A Doll’s House Theme Analysis

Appearance and reality in A Doll’s House
In A Doll’s House, very little is as it first seems. Nora at first appears to be a silly, selfish girl, but then we learn that she has made great sacrifices to save her husband’s life and pay back her secret loan. By the end of the play, she has realized her true strength and strikes out as an independent woman. Torvald, for all his faults, appears to be a loving, devoted and generous husband. But it later transpires that he is a shallow, vain man, concerned mainly with his public reputation, and too weak to deliver on his promise to shoulder any burden that would fall upon Nora. The Helmer marriage appears loving but turns out to be based on lies, play-acting and an unequal relationship.

Krogstad appears to be a bitter, vengeful extortionist until he is reunited with his true love, Mrs Linde, when he becomes more merciful and generous. Mrs Linde first strikes us as self-sufficient, but we learn that she feels “empty” now that she has no one to look after. Dr Rank acts the role of friend to Torvald and Nora, but we later discover the true motive for his daily visits: he is in love with Nora.

Deception in A Doll’s House
The reason why there is such a gap between appearance and reality is that the characters are engaged in various sorts of deception. Often, this is to enable them to enjoy acceptance or approval by others and society in general. Nora deceives Torvald about the loan and hides her own strength, even lying to him about trivial matters such as eating sweets, because she intuits that he cannot tolerate the truth about their marriage. Torvald in return deceives Nora and himself when he claims, with apparent sincerity, that if he would take upon himself any burden that fell upon Nora. His claim appears to arise from his poor self-knowledge and tendency to fantasize about his and Nora’s life together. Dr Rank pretends to Torvald that nothing is amiss with his health because Torvald cannot deal with anything disagreeable, such as death.

The role of women in A Doll’s House
Ibsen’s concerns about the position of women in society are brought to life in A Doll’s House. He believed that women had a right to develop their own individuality, but in reality, their role was often self-sacrifice. Women were not treated as equals with men, either in relation to their husbands or society, as is clear from Torvald’s horror of his employees thinking he has been influenced in a decision about Krogstad’s job by his wife.

Women could not conduct business or control their own money, for which they needed the authorization of the man who ‘owned’ them – husband, brother or father. Moreover, they were not educated for responsibility. Nora falls foul of both injustices, by taking out a loan without the authority of her husband or father, and by believing, out of ignorance of the world, that she could get away with forging a signature.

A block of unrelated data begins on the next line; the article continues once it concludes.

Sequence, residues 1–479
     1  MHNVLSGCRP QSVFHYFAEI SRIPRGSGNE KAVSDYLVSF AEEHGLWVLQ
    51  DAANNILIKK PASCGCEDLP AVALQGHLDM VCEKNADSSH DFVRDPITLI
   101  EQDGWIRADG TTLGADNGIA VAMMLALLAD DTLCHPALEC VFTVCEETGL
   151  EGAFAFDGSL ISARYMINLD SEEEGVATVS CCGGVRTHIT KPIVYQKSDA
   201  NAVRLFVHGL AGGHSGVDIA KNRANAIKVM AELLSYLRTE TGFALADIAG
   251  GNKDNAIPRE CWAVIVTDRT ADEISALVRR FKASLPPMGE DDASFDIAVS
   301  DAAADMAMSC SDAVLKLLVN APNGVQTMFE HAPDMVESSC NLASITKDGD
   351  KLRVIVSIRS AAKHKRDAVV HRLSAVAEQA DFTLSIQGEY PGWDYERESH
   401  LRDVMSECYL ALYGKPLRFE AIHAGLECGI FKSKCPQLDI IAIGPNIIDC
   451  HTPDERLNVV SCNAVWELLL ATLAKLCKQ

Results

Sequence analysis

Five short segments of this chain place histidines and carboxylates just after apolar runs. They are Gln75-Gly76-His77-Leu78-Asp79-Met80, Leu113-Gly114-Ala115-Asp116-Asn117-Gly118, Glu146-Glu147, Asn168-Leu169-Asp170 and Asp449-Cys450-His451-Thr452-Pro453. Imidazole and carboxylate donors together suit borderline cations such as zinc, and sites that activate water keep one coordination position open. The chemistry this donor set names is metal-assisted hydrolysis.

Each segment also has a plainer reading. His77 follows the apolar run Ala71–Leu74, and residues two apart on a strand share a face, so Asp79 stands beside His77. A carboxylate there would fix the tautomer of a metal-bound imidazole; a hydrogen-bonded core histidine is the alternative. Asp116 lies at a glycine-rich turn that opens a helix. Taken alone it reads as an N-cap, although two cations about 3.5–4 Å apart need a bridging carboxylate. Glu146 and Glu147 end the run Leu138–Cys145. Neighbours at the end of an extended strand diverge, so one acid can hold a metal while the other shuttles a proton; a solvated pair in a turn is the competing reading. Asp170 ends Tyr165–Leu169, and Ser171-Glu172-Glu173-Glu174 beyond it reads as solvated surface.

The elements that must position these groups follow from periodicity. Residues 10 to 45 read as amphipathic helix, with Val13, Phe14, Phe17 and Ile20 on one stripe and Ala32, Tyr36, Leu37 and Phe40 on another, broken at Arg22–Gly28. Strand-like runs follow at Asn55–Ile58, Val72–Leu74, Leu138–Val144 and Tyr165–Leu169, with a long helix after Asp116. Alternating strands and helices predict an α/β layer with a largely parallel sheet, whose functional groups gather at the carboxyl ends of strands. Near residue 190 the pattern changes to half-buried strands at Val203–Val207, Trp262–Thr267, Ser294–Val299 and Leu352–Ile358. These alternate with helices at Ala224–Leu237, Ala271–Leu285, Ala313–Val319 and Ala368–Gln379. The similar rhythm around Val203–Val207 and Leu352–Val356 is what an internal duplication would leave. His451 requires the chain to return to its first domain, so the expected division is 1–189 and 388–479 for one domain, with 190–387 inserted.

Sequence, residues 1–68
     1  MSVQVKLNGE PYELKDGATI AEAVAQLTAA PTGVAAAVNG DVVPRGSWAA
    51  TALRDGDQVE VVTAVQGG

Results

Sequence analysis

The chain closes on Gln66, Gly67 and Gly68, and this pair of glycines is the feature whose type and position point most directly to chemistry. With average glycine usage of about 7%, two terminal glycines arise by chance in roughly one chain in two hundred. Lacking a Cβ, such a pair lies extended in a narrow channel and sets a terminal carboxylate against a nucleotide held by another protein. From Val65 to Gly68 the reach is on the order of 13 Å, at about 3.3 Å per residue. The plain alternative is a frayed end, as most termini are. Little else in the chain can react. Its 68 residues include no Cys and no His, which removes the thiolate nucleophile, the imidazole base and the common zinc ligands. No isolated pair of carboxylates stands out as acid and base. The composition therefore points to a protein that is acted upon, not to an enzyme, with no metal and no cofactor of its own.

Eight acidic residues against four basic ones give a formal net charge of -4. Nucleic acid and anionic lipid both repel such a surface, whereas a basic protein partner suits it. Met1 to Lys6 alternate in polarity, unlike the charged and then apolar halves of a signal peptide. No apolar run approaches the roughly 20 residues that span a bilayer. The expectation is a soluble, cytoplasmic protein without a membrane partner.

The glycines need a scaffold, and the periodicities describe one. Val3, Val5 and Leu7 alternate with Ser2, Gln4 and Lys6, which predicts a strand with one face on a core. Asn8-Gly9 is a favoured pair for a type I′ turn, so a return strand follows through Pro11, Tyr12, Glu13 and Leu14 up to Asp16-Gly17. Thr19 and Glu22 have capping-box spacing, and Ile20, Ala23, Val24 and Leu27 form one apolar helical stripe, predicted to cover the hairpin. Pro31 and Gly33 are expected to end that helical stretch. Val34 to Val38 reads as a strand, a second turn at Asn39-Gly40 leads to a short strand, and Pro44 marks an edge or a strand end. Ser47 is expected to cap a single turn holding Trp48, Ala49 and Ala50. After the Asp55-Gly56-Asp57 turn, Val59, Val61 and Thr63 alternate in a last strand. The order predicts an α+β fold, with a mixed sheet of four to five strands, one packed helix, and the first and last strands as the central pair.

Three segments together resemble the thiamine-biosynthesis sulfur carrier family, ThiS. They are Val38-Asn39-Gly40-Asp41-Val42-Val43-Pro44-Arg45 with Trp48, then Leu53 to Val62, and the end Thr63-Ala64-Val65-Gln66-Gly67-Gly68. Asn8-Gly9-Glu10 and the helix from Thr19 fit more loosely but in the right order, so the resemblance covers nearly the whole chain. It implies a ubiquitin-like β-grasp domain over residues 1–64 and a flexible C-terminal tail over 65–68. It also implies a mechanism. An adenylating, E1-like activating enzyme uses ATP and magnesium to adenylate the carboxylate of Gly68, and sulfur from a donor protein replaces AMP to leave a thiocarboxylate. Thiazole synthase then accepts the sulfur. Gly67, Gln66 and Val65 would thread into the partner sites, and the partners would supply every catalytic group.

In a sense, single women like Mrs Linde were freer than married ones, in that they had a right to the money they earned and did not have to hand it over to the man of the family. But the employment open to women was restricted and poorly paid, as we see in Mrs Linde’s case: there was clerical work, teaching or domestic service. Also, women’s work was grindingly dull, and likely to leave an intelligent woman like Mrs Linde “empty” inside.

Marriage was a trap in another sense, too. Though divorce was available, it carried such a social stigma (not just for the woman, but also for her husband and family) that few women saw it as an option. This is why Torvald would rather have a pretend marriage, for the sake of appearances, than a divorce or an amicable parting.

The female characters of Nora, Mrs Linde and the Nurse all have to sacrifice themselves to be accepted, or even to survive. Nora not only sacrifices herself in borrowing money to save Torvald, but she loses the children she undoubtedly loves when she decides to pursue her own identity. Mrs Linde sacrifices the true love of her life, Krogstad, and marries a man she does not love in order to support her dependent relatives. The Nurse has to give up her own child to look after other people’s in order to survive financially. What is more, she sees herself as lucky to get her lowly job, since she has committed the sin of having a child out of wedlock. In Ibsen’s time, women who had illegitimate babies were stigmatized, while the men responsible often escaped censure.

Ibsen does not suggest solutions to what was called “the women question,” his aim being rather to shine a spotlight on problems that few were willing to talk about. He left the task of finding answers to others.

In a society in which difficult or ‘taboo’ topics were not discussed openly, much of the truth in A Doll’s House is conveyed via letters and cards. Examples are Krogstad’s letter to Torvald revealing the facts of Nora’s loan; his subsequent letter retracting his threats and enclosing her bond; and Dr Rank’s discreet visiting cards, marked only with a black cross, announcing his death.

The individual and society
Victorian society is portrayed as a repressive influence on the individual. It has created a series of conventions and codes that the individual defies at his or her peril. In the character of the Nurse, Ibsen shows us how easy it would be for a person’s entire life to be ruined through one youthful mistake – in her case, falling pregnant outside of marriage.